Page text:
An A-Z Guide To The Search For Plato's Atlantis


Joining The Dots

Joining The Dots

I have now published my new book, Joining The Dots, which offers a fresh look at the Atlantis mystery. I have addressed the critical questions of when, where and who, using Plato's own words, tempered with some critical thinking and a modicum of common sense.

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Wilkens, Iman Jacob

Iman Jacob Wilkens (1936- ) was born in the Netherlands but worked in France as an economist until retiring in 1996. In 1990 he threw a cat among the pigeons when he published Where Troy Once Stood[610] which located iman-jacob-wilkensTroy near Cambridge in England and identified Homer’s Trojan War as an extensive conflict in north-west Europe. He follows the work of Belgian lawyer, Théophile Cailleux[393], who presented similar ideas at the end of the 19th century just before Schliemann located his Troy in western Turkey, pushing Cailleux’s theories into obscurity until Wilken’s book a century later.

Felice Vinci also gave Homer’s epic a northern European backdrop locating the action in the Baltic[019]. Like Wilkens he makes a credible case and explains that an invasion of the Eastern Mediterranean by northern Europeans also brought with them their histories as well as place names that were adapted by local writers, such as Homer

Wilkens claims that the invaders can be identified as the Sea Peoples and were also known as Achaeans and Pelasgians who settled the Aegean and mainland Greece. This matches Spanuth’s identification of the Sea Peoples recorded by the Egyptians as originating in the North Sea. Spanuth went further and claimed that those North Sea Peoples were in fact the Atlanteans.

Wilkens original book had a supporting website(a), while the 2005 edition is also supported by a website(b) as well as a companion DVD. A lecture entitled The Trojan Kings of England is also available online(c).

*(a)  (offline March 2018)*




Pelasgians (L)

Pelasgians or Pelasgi is the term applied to early populations of the Aegean, prior to the Flood of Deucalion and subsequent arrival of the Hellenic peoples to the region. Pelasgian Greeks are recognised as having occupied Crete at the end of the 2nd millennium BC. It is unclear from classical sources(b) exactly what regions the Pelasgians occupied, not to mention when or where they originated.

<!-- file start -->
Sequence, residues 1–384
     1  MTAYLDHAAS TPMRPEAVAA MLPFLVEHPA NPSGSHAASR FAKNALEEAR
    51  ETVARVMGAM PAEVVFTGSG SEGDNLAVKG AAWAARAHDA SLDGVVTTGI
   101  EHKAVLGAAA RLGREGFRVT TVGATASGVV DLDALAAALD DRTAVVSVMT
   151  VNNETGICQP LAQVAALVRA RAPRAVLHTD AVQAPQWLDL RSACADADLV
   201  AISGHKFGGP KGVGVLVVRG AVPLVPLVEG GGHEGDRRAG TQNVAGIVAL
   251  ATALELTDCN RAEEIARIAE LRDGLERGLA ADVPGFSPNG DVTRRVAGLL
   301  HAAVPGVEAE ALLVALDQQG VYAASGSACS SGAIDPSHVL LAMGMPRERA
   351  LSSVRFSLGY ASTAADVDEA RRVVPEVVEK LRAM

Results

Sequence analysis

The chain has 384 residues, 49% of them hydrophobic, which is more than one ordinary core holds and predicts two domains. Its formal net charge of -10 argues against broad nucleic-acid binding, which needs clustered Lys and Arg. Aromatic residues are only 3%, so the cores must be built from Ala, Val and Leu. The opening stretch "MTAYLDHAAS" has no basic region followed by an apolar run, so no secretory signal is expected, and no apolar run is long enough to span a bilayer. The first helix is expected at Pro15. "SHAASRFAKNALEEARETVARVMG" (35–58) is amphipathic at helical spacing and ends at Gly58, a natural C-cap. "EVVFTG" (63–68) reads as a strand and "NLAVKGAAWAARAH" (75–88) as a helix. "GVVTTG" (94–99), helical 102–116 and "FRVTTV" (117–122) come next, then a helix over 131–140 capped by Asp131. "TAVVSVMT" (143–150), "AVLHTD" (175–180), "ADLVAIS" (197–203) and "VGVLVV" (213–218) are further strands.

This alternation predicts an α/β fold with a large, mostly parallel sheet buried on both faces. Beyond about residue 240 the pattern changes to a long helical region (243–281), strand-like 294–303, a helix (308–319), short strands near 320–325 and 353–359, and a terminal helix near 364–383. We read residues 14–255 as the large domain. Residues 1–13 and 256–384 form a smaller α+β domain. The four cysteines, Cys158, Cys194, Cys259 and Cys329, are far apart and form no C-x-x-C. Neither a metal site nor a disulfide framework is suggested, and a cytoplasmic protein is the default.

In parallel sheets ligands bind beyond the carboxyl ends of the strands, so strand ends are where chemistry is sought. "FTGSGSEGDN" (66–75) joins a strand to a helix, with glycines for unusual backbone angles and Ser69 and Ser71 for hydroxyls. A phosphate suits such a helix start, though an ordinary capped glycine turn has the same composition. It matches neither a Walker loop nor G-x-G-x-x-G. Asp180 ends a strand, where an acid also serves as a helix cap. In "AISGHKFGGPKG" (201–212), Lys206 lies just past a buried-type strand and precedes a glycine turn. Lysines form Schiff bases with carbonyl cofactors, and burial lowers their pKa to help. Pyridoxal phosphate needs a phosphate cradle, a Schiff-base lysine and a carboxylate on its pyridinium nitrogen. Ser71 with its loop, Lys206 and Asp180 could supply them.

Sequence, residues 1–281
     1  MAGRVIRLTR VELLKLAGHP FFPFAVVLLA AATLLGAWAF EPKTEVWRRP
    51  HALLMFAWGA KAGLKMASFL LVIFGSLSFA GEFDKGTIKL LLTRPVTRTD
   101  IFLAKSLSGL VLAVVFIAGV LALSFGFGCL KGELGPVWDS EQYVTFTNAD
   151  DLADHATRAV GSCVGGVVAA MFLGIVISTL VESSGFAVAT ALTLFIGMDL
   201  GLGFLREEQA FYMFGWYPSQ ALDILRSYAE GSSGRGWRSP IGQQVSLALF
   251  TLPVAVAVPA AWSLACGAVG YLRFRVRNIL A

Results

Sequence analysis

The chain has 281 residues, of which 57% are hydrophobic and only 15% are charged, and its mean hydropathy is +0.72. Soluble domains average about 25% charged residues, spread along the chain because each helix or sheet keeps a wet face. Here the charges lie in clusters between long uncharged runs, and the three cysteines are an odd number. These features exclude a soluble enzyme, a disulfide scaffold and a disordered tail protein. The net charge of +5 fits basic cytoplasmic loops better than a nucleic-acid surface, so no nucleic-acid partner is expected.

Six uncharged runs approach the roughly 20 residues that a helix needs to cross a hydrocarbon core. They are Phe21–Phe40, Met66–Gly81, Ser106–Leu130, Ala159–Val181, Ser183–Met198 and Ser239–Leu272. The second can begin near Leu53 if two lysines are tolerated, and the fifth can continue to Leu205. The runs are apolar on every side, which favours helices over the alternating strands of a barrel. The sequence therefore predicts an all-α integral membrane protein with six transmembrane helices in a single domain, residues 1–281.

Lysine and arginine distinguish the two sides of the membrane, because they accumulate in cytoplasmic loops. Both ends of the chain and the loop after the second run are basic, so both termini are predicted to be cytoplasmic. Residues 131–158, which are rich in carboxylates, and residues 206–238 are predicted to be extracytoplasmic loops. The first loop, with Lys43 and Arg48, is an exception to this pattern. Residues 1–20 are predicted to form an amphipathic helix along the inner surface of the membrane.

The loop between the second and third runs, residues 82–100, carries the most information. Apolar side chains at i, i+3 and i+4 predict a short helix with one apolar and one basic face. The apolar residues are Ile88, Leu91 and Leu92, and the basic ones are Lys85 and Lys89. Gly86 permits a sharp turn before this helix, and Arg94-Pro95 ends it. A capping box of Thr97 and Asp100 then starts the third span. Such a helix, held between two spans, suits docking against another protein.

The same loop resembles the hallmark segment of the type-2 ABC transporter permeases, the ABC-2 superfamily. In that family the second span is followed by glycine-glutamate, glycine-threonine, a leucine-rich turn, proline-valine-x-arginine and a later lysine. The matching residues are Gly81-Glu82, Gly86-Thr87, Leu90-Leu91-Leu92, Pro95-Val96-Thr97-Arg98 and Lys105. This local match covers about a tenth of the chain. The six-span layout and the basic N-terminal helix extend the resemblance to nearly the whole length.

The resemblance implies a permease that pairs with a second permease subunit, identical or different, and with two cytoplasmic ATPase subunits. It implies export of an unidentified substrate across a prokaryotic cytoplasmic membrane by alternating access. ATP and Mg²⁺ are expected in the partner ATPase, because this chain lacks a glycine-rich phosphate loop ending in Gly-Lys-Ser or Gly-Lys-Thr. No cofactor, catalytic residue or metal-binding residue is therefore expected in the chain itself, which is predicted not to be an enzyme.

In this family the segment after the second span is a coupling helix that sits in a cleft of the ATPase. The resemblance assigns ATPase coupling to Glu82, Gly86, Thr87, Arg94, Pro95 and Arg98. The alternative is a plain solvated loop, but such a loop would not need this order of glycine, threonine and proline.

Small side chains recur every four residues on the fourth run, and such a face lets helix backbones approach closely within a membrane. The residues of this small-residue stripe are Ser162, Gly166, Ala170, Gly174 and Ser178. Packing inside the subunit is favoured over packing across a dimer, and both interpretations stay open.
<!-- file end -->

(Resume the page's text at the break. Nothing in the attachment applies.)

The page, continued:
Some writers such as Densusianu have postulated a Pelasgian Empire extending over a large stretch of central Europe.

Euripides stated that the Pelasgians were later called Danaans.

Spiro N. Konda believes that today’s Albanians are descendants of the Pelasgians and has written The Albanians and the Pelasgian Problem in support of this idea, unfortunately, it is in Albanian, but some of his arguments can be read, in English, online(a).

Oliver D. Smith in his book Atlantis in Greece identified “the Pelasgians with both the Atlanteans and prehistoric Athenians – as two regional tribes at war with each other”.

A more radical, highly speculative and quite incredible, alternative definition is offered by Marin, Minella and Schievenin[0972.471],  which is that Pelasgians were refugees from their homeland in Antarctica after its catastrophic destruction. They claim that these refugees were also known as Titans, Tyrrhenians and Atlanteans, among other names! They further claim that anthropology calls them Cro-Magnon.

(a) {2911}



Densusianu, Nicolae

Nicolae Densusianu (1846-1911) was a Romanian ethnologist and folklorist, although he was born in Transylvania, at the time Nicolae_Densusianupart of the Austro-Hungarian Empire. He claimed that ancient Dacia had been the centre of a widespread Pelasgian Empire. His major work, published posthumously, Prehistoric Dacia, includes the suggestion that Atlantis had been located in Dacia, now Romania. The text of this extensive book, in English[1597], is available in its entirety on the Internet.

His excessive nationalism, popular during the communist regime, is now deemed unacceptable and his work discredited.

*Nevertheless, interest in Densusianu and aspects of his theories have seen a resurgence in books from researchers such as Adrian Bucurescu and Alexandra Furdui.*

Densusianu’s work has also been recently echoed in two books by the Serbian historian, Ranko Jakovljevic, although he moves the focus further west from Romania to his own native Serbia.



Carthage is today a suburb of the North African city of Tunis. Tradition has it that the Phoenicians of Tyre founded it around 815 BC. Prior to that, the Roman poet, Silius Italicus (100-200 AD), tells us that according to legend the land there had been occupied by Pelasgians(e).

*South of Carthage, in modern Tunisia, there are fertile plains that were the breadbasket of Rome and even today can produce two crops a year, despite a much disimproved climate.*

In 500 BC Hanno the Navigator was dispatched from Carthage with the intention of establishing new African colonies. Around a century later another Carthaginian voyager, Himilco, is also thought to have travelled northward(f) in the Atlantic and possibly reached Ireland, referred to as ‘isola sacra’. Christopher Jones has claimed on his website(d) that Hamilco reached Britain and Ireland in the 5th century BC.

The circular laycarthagenorthafrica200bcout of the city with a central Acropolis on Byrsa hill, surrounded by a plain with an extensive irrigation system, has prompted a number of authors, including Massimo Pallotino[222] and C. Corbato[223] to suggest that it had been the model for Plato’s description of Atlantis. This idea has now been adopted by Luana Monte(c).

However, it was probably Victor Bérard, who in 1929 was one of the first to point out[0160] the similarity of Carthage with Plato’s description of Atlantis. In like manner, when the Romans destroyed Carthage after the Punic Wars, they built a new Carthage on the ruins, which became the second largest city in the Western Empire.